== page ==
With important exceptions, such as Italy and Greece, the European economy has finally largely recovered from the financial crisis, and is actually growing slightly faster than the US economy at the moment. However, Europe is not out of the woods yet. Two items that strategy consultancies need to ensure their corporate and government clients have high on their lists of top risks that could quickly derail this fragile recovery are “Grexit” and “Frexit” (respectively, a Greek or a French exit from the single European currency).
The British decision to leave the European Union and the American election of Donald Trump have dominated headlines and discussions of government and corporate strategy in Europe as they have the world over, and have been a boon to many types of consulting, from strategy to geopolitical risk, with some consultancies even setting up dedicated teams of experts on these topics. However, these issues are no longer risks; they are realities. By no means do I wish to downplay the profound significance of these events, but I do think that, when it comes to the future of the European economy, consultants should strive to help their clients stay focused on scenarios that still retain “risk” status (i.e. it is unknown whether or not they will occur). Part of a consultant’s job as a strategic adviser is to keep her clients focused on the long term and the big picture, a role that is all the more important given the dramatic political events unfolding on an almost daily basis.
The long-term impact of Brexit is unknowable, but will probably be profound and, on balance, a net negative for both sides. In the near to medium term, however, while there are still plenty of unknowns when it comes to the details, we actually have a remarkably clear picture of what the high-level narrative is going to be, for at least the next two years. As for the Trump administration, for all the uncertainty and speculation about rising protectionism, isolationism, and geo-political realignment it has generated, we should not overestimate the impact of US government policy on the European economy. The fate of the European economy will be determined largely by events and decisions within Europe.
Though the world’s attention has shifted to Trump and Brexit, the Greek debt crisis hasn’t gone away – if anything, the situation may be getting worse. Grexit is still a very real probability.
What about Frexit? Populist National Front presidential candidate Marine Le Pen, who is currently running second in the polls, has promised to hold a referendum on leaving the Euro (recent experience has generated a justifiable scepticism of polling data, but even if the polls are inaccurate, she is clearly doing well enough to have a non-negligible chance of winning). Frexit would surely be the end of the Euro, and the collapse of the Euro could, in turn, quite possibly precipitate the collapse of the entire European Union.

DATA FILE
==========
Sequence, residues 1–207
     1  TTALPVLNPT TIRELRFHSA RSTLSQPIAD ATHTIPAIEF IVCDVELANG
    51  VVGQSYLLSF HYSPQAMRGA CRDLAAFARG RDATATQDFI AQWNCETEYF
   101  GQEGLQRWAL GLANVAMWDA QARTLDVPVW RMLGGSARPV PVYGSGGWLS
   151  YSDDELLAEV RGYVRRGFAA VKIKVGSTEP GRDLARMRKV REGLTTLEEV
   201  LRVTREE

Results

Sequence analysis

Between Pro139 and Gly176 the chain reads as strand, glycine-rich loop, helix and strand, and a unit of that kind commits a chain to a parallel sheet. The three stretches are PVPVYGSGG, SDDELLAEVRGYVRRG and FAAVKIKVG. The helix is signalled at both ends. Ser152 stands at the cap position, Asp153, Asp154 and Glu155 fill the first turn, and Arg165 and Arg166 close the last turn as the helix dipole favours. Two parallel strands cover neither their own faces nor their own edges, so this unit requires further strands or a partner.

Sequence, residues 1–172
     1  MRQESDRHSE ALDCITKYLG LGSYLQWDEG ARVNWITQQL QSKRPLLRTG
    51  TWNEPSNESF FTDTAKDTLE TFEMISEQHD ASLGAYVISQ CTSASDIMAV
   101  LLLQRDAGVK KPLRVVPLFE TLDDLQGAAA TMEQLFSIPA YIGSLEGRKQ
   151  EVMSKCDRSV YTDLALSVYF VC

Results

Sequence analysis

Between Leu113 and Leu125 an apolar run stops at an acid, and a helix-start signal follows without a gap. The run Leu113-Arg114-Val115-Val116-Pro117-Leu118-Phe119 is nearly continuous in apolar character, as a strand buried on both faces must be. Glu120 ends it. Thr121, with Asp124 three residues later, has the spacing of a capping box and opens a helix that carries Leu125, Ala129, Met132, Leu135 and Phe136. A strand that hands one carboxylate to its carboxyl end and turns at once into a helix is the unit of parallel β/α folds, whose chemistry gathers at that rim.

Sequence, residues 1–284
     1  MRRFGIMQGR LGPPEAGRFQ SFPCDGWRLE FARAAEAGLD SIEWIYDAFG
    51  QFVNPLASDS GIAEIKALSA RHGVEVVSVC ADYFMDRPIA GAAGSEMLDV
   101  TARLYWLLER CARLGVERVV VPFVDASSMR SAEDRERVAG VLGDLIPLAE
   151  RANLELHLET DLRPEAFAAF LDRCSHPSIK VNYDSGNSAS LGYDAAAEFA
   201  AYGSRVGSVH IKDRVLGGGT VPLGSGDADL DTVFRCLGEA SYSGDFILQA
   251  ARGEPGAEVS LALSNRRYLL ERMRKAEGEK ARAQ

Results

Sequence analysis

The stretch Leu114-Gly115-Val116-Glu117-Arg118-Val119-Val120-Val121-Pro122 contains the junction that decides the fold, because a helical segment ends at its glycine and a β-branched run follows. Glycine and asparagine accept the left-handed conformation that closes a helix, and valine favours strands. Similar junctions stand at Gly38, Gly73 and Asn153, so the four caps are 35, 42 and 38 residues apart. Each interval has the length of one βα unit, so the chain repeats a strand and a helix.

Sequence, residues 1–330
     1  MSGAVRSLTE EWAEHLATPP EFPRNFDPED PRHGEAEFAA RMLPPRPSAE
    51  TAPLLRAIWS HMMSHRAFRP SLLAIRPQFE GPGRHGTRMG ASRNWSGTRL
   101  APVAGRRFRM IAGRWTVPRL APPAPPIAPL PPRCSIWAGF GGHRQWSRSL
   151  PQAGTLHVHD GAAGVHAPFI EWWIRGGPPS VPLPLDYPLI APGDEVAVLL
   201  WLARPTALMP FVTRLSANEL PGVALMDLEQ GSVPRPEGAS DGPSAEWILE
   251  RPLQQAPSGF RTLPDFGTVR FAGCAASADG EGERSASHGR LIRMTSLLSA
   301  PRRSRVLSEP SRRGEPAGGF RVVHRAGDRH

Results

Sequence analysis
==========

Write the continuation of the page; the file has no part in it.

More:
So the impact of Frexit would be much greater than that of Grexit, but surely its probability is also much lower? Yes, but neither event should be disregarded as impossible: as of the time of writing (14 February 2017), bookmaker William Hill is offering 2:1 odds that Greece will be the next country to leave the EU after the UK. The odds for France are 7:2.
Although clients cannot control events, they can mitigate risks to an extent through preparation. Consultants can assist them with this process by leading scenario analysis exercises and helping them develop contingency plans. One way in which consultants can be helpful is by making sure clients understand and account for the differences between these two risks in their plans. Though Grexit and Frexit are superficially similar, there are important differences in the way in which each is likely to play out.
One of these is timing. In the case of a Le Pen victory, Frexit would be neither inevitable nor immediate, though its likelihood would increase considerably. As with Brexit, there would likely be a referendum process, a period of bitterly fought campaigning, a nail-biter of a vote, and (in the case of a vote to leave), a period of confusion about how to implement the decision. Frexit would almost certainly be disastrous for the European, and perhaps the world, economy, but there would at least be time for governments, businesses, and individuals to process the information and, to the extent possible, prepare for the consequences. Grexit, on the other hand, would unfold much more quickly.
Unlike Frexit, Grexit probably wouldn’t doom the whole European project, but it would be the classic example of a dramatic event with far-ranging and unpredictable consequences. What’s more, if Grexit happens, the way in which it happens would also matter a great deal – would it happen in a more or less orderly and controlled fashion (which would require cooperation between Greece and the rest of the Eurozone), or would it be an abrupt and chaotic rupture? It’s not hard to envision scenarios where the house of cards just collapses, and no one is really in control (picture the collapse of Lehman Brothers, only with countries instead of banks). It’s also not hard to envision populists, maybe even fascists, gaining power in Greece, precisely on the promise of leaving the Euro abruptly and defaulting unilaterally on the national debt, and then carrying out that promise. The Greek people cannot be expected to suffer indefinitely without there being any adverse political consequences.
Should either Frexit or Grexit come to pass, the reverberations will be felt far beyond Europe.